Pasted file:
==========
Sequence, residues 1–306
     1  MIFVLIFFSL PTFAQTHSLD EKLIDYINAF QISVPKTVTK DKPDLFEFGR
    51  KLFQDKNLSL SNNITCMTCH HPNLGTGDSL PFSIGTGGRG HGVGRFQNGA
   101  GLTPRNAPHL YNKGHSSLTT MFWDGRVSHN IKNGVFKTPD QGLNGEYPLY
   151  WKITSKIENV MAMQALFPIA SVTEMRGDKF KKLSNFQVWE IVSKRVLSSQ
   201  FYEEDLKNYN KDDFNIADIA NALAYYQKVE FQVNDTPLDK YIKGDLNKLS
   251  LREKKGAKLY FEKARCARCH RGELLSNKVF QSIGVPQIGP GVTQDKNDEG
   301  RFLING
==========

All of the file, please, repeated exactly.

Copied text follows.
Sequence, residues 1–306
     1  MIFVLIFFSL PTFAQTHSLD EKLIDYINAF QISVPKTVTK DKPDLFEFGR
    51  KLFQDKNLSL SNNITCMTCH HPNLGTGDSL PFSIGTGGRG HGVGRFQNGA
   101  GLTPRNAPHL YNKGHSSLTT MFWDGRVSHN IKNGVFKTPD QGLNGEYPLY
   151  WKITSKIENV MAMQALFPIA SVTEMRGDKF KKLSNFQVWE IVSKRVLSSQ
   201  FYEEDLKNYN KDDFNIADIA NALAYYQKVE FQVNDTPLDK YIKGDLNKLS
   251  LREKKGAKLY FEKARCARCH RGELLSNKVF QSIGVPQIGP GVTQDKNDEG
   301  RFLING